At first glance, the Pagemaster may seem like a similar character to the Narrator, what with their affinity for book magic and knowledge of the written word — but don’t be fooled. The Pagemaster and the Narrator operate in completely different ways.

The Pagemaster calls himself “The Keeper of the Books.” It’s never explicitly stated, but the gist seems to be that he’s the guardian of all the books’ characters and their stories. Sort of like a magical librarian. He effectively kidnaps Richard Tyler, drops him in the middle of the library, and tells him to head for the exit.

Thanks, Pagemaster. So helpful.

The Narrator, on the other hand, is closer to an author than a librarian. He tells stories, he doesn’t “keep” them. After he hijacks the novel, he can manipulate the setting and minor characters in an attempt to control the story’s direction. If Richard Tyler was in the Narrator’s book, he’d find a lot more “help” than he’d be comfortable with!

Other major differences between the movie and the novel:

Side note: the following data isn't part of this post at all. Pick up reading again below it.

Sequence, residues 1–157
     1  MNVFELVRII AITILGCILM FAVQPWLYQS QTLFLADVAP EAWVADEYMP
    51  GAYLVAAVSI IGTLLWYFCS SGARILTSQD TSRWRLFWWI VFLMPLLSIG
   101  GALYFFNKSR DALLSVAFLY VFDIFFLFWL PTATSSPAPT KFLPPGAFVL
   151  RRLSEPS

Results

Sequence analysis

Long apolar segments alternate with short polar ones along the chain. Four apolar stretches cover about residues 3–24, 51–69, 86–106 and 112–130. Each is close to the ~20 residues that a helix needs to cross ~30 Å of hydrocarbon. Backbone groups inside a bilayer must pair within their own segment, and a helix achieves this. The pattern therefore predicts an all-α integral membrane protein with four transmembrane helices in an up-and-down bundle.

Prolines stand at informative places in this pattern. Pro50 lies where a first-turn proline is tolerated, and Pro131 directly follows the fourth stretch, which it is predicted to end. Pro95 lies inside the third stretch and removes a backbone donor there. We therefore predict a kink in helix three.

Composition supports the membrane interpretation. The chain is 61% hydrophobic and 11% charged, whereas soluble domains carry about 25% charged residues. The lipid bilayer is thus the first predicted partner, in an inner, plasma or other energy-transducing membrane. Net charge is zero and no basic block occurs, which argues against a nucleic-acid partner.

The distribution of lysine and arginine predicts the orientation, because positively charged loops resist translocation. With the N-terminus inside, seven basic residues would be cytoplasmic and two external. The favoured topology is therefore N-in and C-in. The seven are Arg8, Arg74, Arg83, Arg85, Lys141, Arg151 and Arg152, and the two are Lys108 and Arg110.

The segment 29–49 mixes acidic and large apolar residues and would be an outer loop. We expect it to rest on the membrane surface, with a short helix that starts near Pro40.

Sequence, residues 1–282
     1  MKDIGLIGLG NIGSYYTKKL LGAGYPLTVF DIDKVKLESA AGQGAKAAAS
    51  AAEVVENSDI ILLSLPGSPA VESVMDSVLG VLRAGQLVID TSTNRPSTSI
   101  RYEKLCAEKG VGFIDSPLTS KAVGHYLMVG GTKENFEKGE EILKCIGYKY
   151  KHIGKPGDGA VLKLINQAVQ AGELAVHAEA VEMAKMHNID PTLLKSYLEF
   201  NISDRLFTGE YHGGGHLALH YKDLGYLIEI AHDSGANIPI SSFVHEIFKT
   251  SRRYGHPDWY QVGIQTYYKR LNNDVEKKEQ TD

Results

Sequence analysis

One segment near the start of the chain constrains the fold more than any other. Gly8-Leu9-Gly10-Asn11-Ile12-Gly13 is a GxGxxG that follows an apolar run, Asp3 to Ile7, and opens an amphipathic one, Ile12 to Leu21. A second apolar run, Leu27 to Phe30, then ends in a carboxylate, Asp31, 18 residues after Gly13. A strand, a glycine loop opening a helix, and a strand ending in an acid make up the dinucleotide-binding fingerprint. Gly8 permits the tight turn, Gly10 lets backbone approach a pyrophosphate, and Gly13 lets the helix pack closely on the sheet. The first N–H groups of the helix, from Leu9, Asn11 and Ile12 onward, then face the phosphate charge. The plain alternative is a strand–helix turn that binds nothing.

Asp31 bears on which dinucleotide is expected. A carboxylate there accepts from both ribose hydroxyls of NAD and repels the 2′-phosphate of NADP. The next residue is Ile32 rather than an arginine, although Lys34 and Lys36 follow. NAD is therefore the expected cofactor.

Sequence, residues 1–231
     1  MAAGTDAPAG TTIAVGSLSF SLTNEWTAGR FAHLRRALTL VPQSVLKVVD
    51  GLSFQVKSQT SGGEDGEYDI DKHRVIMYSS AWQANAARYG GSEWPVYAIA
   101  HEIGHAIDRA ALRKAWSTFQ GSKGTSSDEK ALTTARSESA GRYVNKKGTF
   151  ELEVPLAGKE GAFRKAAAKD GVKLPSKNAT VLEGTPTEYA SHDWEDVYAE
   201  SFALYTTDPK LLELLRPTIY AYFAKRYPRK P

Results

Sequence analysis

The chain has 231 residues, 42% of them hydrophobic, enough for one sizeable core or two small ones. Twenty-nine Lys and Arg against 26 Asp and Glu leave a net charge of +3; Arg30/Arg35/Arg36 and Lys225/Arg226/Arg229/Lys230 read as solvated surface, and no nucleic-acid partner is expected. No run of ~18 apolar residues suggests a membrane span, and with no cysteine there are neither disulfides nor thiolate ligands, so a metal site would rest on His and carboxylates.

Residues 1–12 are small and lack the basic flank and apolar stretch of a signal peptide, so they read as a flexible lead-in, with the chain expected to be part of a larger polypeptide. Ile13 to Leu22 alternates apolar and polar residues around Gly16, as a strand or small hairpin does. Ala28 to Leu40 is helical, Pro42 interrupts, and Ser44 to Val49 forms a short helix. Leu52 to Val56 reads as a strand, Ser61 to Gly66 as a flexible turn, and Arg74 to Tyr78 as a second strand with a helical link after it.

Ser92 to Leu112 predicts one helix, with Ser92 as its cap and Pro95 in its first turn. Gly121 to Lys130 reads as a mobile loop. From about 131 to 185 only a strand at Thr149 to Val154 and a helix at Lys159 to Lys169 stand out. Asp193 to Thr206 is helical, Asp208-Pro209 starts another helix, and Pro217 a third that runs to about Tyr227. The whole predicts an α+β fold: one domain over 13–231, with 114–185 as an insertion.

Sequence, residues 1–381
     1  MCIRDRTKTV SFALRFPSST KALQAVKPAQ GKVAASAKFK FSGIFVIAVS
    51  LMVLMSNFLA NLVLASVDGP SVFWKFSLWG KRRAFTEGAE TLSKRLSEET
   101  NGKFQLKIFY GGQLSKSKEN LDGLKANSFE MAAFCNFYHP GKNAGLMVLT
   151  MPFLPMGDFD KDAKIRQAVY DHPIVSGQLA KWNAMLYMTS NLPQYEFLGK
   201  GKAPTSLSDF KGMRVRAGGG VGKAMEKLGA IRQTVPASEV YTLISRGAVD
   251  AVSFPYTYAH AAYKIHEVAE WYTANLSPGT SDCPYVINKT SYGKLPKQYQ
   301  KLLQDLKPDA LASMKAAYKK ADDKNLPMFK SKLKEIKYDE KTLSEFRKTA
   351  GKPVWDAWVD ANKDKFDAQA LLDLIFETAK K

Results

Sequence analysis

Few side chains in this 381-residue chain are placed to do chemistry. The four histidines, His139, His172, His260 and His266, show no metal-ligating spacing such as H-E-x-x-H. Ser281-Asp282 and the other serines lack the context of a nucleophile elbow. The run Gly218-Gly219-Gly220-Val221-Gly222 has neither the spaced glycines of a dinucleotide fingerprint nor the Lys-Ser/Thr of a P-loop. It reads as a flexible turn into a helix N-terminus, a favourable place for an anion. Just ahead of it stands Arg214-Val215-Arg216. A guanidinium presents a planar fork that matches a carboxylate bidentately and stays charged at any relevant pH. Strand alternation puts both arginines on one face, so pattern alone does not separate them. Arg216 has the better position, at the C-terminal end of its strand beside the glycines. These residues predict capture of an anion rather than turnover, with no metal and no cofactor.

• The Price of Fiction: In both stories, characters remove objects from books. But in The Pagemaster, there’s no cost to the character except whatever dangers are released. Good examples: the Hound of the Baskervilles, and the giant squid from 20,000 Leagues Under the Sea. In The Narrator, there’s a much higher cost.
  • Readers: Richard Tyler isn’t a character, he’s a reader. A respected one, at that, once he proves his identity with his library card. The Narrator has no such character running around.
  • Fate vs. Free Will: Richard Tyler’s presence changes the story he’s visiting, but some things are still predestined. For instance, he takes Jim Hawkins’ place in Treasure Island, but Long John Silver still manages to escape in a rowboat.
  • Books as Characters: There are three characters in The Pagemaster that are physical books. The Narrator doesn’t have anything like this.
  • Traveling Between Books: All of the stories in The Pagemaster exist next to each other in some weird quilt-like universe. Gulliver’s Travels is a hop, skip, and a jump away from Treasure Island. In Narrator, these stories would be self-contained worlds, and you wouldn’t be able to jump directly from one to the other.